Here lies the latest edition of The Swill, wherein certified sommelier and Hip Tastes book author, Courtney Cochran, brings you the latest gossip and findings from the wide world of wine.
- Mariani getting grilled by Ms. Hip Tastes
- Wines racked up in the tasting room.
- Mariani gazes out over the grounds of his winery.
- A hacienda dining room detail
- Mariani outside the crumbling hacienda
- Our fearless writer gazes at the Italian Nido oven, the source of much of the food for the winery's parties
- Mariani walks up to his latest acquisition, the vintage Scout.
- Just one more member of the farm.
My curiosity was piqued after a recent Bar Tartine event where chef Chris Kronner prepared farm-raised guinea hens with their feet still attached to a gaggle of the region’s hot food-and-wine set. The hens were from Scribe Winery's farm. So I headed north to Carneros to talk all things vinous, farming and food with budding Bay Area wine celeb Andrew Mariani, Scribe Winery's owner aka the guy Food & Wine flatteringly called the marionette behind “Sonoma’s Wildest Wine Party.” In between sips of his crisp Carneros Chard -- it's good, but needs food to shine; his Syrah is my personal fave -- and a raucous ride in his newly acquired vintage Scout, I got to the meat of what drives the Scribe Winery project he started in 2004. All this before an evening trip to San Francisco to drop off kegs of custom-blended red at Bar Tartine.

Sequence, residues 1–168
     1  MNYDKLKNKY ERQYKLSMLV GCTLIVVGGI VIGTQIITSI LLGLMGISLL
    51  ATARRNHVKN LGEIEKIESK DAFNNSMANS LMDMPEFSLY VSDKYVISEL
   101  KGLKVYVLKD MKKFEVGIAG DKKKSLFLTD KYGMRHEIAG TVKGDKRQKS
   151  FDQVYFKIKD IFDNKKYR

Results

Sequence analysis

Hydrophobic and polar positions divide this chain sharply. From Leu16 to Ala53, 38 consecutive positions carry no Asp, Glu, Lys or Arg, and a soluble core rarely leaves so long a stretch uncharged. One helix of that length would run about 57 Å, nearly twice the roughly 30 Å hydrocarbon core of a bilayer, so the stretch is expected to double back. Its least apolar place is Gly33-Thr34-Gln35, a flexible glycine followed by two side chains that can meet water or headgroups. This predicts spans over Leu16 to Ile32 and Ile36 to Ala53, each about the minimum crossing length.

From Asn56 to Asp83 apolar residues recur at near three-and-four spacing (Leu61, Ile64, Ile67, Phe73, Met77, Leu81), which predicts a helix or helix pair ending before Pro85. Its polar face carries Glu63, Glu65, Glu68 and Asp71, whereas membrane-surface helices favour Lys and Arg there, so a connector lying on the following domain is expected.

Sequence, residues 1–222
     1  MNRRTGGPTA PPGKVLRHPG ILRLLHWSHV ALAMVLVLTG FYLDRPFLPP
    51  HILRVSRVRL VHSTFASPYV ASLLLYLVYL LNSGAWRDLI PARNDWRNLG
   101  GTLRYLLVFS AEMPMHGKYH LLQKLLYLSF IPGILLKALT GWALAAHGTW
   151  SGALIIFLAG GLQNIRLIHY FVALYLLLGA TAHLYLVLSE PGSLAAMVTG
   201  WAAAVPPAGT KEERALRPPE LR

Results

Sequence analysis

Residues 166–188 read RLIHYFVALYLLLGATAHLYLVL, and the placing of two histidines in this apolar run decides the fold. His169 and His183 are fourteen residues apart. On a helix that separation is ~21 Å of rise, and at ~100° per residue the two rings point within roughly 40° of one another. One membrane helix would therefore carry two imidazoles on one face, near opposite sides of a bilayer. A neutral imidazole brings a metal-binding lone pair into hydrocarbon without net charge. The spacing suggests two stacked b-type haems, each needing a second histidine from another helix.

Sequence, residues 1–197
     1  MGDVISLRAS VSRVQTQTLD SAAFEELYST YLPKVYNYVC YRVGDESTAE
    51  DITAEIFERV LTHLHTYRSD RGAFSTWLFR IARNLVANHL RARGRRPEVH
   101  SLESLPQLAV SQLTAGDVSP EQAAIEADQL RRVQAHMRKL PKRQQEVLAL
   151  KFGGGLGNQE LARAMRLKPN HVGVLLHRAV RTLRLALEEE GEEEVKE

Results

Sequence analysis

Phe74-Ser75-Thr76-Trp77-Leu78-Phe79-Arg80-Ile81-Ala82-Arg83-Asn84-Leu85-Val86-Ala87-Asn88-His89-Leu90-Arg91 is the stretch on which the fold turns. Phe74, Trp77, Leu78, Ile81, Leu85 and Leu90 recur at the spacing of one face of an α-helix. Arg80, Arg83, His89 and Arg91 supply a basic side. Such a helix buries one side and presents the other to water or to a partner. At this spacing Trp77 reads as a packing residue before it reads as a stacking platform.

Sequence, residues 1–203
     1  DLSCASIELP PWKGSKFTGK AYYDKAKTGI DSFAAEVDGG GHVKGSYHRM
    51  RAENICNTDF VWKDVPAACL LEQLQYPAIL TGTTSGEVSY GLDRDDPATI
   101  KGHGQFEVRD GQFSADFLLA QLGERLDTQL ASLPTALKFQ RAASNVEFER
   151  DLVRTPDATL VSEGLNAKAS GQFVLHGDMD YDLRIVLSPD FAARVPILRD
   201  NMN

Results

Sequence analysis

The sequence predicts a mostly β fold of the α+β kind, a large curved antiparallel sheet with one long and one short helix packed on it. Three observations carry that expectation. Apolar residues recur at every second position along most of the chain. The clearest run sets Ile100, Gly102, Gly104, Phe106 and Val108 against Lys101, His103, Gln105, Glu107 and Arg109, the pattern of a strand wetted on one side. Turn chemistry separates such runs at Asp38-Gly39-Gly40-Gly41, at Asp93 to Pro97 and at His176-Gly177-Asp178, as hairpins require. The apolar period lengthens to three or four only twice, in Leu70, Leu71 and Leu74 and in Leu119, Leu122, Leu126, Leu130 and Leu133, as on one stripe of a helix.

I hear your wine parties are rather colorful. I like drunk people.
Hilarious. So you've got quite the reputation among the eco set. Just how green do you go? I like dirt?I farm sustainably, and I look at the farm as a whole entity. We have insectaries that help counteract vineyard pests, organic flower and vegetable gardens, farm animals. This pig (gesturing to a happy porker nearby)?we’re going to eat it next week.
I've heard about the crumbling 100-year-old Mission revival Hacienda on the premises here and now I've seen it. Apparently it has a Blair Witch-like secret room upstairs and spooky Prohibition-era bootlegging tunnels below, right? Do you have plans to renovate it? We’ll probably get it done within a year. There’s a lot to do here, and we do most of it ourselves. DIY creates our aesthetic here.
What makes Scribe Winery different? Wine has gotten too far away from context. We’re bringing that back into the picture here, through a whole farm perspective, events, Slow Food collaborations, artists-in-residence programs. We're working on a short film with a resident artist that's focused on the life and death of swallows on the property, for example.
Do you have a wine club? We do; it’s small and we’re closing it soon because we want it to remain intimate. [Writer's note: Sign up soon if interested! This is what gets you into those parties.]
Word on the street is Scribe's working on a glamorous on-site wine production facility to replace the crush warehouse you currently use around the corner. How's the on-site winery build-out going? It’s going to be great, but I can’t talk about it much right now. I can say it’s going to be built on top of the old turkey farming facilities here on the property and it will be ready to go for the 2012 harvest.
We'll be waiting! Do you have a favorite San Francisco hangout? Bar Jules [in Hayes Valley] is great.